Second NATO country publicly opposes Ukrainian membership

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Slovakia has followed Hungary in objecting to Kiev’s proposed accession to the bloc

Ukraine joining NATO would guarantee a third world war, Slovak Prime Minister Robert Fico has said, publicly expressing opposition to the idea.

Fico released a short video message on Thursday while the leaders of NATO countries were meeting in Washington. The draft of the annual summit’s final communique reportedly includes references to Ukraine’s “irreversible path” towards joining the US-led bloc.

“I understand Ukraine’s wishes,” Fico said in the video. “But its membership in NATO guarantees World War Three.”

“Although to be fair, we are not too far from it even without Ukraine’s membership, seeing as how some advanced democracies are stoking the pot,” he added.

Slovakia’s representatives in Washington have been instructed to insist on two conditions for Ukrainian membership, Fico said. Kiev must meet every condition set by the bloc, and every member state has to give its blessing.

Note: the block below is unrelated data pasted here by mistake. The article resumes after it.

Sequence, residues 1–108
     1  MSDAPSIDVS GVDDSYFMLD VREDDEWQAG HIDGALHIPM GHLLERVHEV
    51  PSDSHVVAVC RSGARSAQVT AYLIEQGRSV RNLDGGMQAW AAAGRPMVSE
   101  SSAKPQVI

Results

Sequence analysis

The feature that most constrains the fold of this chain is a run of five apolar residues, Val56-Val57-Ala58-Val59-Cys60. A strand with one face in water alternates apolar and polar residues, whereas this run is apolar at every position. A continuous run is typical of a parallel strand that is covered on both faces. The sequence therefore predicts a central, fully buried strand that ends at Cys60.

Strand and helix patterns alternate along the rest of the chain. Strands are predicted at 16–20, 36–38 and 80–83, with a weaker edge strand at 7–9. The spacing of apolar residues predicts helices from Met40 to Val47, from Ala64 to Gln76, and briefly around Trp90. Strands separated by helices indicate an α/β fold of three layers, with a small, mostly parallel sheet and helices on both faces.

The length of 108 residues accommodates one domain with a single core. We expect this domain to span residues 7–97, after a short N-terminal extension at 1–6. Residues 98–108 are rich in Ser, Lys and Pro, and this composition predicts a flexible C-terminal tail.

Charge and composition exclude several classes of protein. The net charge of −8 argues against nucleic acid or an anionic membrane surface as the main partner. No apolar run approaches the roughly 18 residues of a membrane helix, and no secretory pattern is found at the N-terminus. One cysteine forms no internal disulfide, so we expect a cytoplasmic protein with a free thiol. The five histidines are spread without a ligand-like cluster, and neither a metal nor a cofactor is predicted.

“However, as I’ve said many times, Smer and its lawmakers in the National Assembly of Slovakia will not agree to Ukraine’s membership in NATO,” he said, in reference to his ruling party.

Fico campaigned last year on a platform of opposing Ukrainian membership in NATO and further Slovak military support to Kiev. He won the election in a landslide. 

In mid-May, a liberal activist reportedly upset with Bratislava’s new policy shot Fico several times and almost killed him. The prime minister underwent a series of surgeries and spent weeks recovering from the assassination attempt, returning to work in person just last week.

On Wednesday, Hungarian Foreign Minister Peter Szijjarto told reporters in Washington that Ukraine’s membership in the bloc “is clearly out of the question,” as it would “foreshadow direct conflict between Russia and NATO.” 

The US-led bloc is expected to pledge at least €40 billion ($43.3 billion) in military aid to Ukraine over the next year and endorse its “full Euro-Atlantic integration,” but an invitation to NATO would only be extended “when allies agree and conditions are met,” according to a draft seen by Reuters. The same language was used at last year’s summit in Lithuania.

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